Ever since I can remember, I have suffered from the disease of perfectionism. My perfectionism ties deeply into my wanting to be loved by God and my mother, and feeling the only way I could be loved was to be perfect. My ego says it is not possible to be perfect. I felt I would never be worthy of Love. What a devastating catch 22 that is.
Who taught me this disease of perfectionism? Most of my memories around perfectionism come from my mother and her admonitions, judgments, and expectations of me in my childhood. If I got all A's and one B, I was never congratulated on the A's, only "Why did you get a B?" No matter how well I did, it was never good enough. That thread ran through all aspects of my young life. There was a constant fear of falling short of my mother's expectations of perfectionism. If I was not perfect, I was inadequate, and simply not worthy of my mother's or God's Love.
The pain and suffering of falling short of another's expectations, of not being perfect, is a deep wound that is sparked by rage. The rage, when turned inward, can lead to depression and disease. The self-loathing and self-hatred that arises in me when I fall short of perfection is very painful. It has been with me as long as I can remember.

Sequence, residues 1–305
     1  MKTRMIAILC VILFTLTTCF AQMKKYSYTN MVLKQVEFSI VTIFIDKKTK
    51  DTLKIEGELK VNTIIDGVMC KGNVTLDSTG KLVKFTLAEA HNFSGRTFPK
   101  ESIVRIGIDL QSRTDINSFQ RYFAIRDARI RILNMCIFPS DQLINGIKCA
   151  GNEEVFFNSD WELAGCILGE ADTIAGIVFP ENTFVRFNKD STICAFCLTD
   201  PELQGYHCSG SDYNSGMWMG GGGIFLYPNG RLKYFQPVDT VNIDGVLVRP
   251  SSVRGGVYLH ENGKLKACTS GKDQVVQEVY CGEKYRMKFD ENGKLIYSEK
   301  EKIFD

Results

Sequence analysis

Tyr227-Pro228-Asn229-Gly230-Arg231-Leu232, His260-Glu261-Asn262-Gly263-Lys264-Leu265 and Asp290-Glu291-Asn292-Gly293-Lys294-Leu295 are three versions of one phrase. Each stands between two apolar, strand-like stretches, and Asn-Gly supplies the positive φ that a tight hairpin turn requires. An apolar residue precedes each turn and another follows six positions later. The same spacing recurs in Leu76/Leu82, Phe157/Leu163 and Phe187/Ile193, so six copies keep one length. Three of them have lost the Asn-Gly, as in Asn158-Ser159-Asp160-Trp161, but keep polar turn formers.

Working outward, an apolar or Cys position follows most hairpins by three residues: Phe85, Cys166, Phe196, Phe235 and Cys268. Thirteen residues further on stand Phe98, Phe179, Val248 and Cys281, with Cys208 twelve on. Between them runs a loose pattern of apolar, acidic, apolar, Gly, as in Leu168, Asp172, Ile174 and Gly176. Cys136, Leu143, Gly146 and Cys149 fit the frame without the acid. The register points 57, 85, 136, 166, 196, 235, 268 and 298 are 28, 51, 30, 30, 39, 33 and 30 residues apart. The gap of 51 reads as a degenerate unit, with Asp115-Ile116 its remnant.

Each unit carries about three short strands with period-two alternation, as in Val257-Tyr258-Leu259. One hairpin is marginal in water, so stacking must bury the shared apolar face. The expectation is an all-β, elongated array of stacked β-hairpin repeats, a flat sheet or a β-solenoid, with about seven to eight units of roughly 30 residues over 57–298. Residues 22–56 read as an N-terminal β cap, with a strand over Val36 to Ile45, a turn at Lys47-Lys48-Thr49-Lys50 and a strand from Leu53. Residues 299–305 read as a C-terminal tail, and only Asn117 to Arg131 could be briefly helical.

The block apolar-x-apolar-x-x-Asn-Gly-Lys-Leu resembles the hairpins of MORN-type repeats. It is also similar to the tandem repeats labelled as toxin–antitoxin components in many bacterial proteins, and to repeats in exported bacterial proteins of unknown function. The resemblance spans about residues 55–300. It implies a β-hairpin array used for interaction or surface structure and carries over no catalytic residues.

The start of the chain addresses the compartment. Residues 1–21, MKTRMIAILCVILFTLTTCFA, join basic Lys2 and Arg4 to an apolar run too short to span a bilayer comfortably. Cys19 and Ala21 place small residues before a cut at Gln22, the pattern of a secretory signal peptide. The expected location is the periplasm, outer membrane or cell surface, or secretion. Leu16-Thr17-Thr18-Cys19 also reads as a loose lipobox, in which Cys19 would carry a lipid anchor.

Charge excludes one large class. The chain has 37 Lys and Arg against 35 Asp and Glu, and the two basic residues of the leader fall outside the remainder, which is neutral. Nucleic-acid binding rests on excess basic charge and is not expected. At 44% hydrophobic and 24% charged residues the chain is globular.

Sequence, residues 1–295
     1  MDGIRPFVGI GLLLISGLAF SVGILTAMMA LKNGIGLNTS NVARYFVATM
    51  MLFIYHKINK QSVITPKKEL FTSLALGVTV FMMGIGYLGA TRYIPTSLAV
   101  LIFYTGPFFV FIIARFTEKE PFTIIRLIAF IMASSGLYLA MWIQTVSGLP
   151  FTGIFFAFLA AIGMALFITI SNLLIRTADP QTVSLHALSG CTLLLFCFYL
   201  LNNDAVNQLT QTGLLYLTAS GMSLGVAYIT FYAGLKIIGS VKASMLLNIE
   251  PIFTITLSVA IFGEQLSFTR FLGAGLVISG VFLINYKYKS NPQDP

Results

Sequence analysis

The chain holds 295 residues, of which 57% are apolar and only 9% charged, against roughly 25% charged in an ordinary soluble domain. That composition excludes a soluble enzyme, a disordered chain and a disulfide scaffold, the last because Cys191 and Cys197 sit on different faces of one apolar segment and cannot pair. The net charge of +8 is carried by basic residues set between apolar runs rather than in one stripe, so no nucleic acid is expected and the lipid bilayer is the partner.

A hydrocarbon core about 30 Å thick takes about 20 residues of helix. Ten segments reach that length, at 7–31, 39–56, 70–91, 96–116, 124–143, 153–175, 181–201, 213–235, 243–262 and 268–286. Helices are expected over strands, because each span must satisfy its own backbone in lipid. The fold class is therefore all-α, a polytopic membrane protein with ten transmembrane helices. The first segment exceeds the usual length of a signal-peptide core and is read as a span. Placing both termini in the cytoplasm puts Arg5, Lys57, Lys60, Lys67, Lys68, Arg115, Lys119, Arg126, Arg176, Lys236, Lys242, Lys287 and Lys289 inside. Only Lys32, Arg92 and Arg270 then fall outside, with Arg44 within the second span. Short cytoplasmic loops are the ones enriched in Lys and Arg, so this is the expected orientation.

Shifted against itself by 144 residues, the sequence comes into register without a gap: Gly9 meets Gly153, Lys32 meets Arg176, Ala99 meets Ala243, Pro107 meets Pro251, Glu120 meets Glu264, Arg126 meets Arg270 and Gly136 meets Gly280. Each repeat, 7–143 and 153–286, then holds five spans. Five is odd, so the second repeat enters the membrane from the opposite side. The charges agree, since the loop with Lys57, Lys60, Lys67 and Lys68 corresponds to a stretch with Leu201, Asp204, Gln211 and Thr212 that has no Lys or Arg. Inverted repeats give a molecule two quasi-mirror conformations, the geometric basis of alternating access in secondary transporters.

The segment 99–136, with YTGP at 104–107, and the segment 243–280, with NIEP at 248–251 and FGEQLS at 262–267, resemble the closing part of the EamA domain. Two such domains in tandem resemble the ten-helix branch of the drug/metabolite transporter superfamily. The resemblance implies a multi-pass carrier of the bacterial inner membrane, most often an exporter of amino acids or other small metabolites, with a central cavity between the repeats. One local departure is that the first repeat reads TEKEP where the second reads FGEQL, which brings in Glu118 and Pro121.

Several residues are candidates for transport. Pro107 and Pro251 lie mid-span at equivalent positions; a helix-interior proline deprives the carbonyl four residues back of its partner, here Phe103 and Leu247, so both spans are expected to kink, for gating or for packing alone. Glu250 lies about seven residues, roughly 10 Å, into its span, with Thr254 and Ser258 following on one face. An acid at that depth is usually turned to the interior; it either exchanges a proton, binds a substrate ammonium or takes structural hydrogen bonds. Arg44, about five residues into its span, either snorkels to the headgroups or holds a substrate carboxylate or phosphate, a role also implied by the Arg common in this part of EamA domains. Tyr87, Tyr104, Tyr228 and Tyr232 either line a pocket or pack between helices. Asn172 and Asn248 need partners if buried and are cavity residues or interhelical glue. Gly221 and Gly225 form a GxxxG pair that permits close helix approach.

I am angry, no, I am enraged at myself for all of those times I have failed to be perfect. At my workplace, I am outraged with others for falling short of my expectations of them. Their failure brings up my rage, both at them and myself, for not being able to bring their work forward in a more perfect manner.
I constantly beat up on myself for not being perfect. I have become my own hardest taskmaster, raging at myself and others when a task falls short of perfection. My mother is alive and well in me in her roll of the "Perfectionist." To this day the energy of perfectionism runs me. It makes me feel inadequate, unworthy, filled with self-loathing, useless, good for nothing. It is my measure of all I have undertaken to accomplish in this life. It is no small wonder that I often feel trapped by life. The pain and suffering rage inside of me. It is like a living death.
I feel overly responsible for anything and everything I do, because it is so deeply ingrained within me that whatever I accomplish must be perfect. I lose sleep over what I am in the process of doing and how it is not coming out perfectly. I am wound up like a spring waiting for the next judgment, the next unmet expectation to rise and annihilate me. Because of my falling short of being perfect in so many ways, will I ever be worthy of Love? My life is tied up in doing versus Being. My identity, how I present myself to the world, how I measure the success of anything I undertake, is all tied up in perfectionism. There must be another way of living ones life, of truly being able to move from doing to Being. Why are we so tied up in doing versus Being? We are part of a collective consciousness that believes doing and accomplishing must be perfect. We are so caught up in doing. That doing is our stage where everyone can see how well we have done and then applaud us for our accomplishments and give us approval. A stage where we can also be judged for falling short of expectations. I ask myself the question: Do I really want to live out the rest of my life in this manner?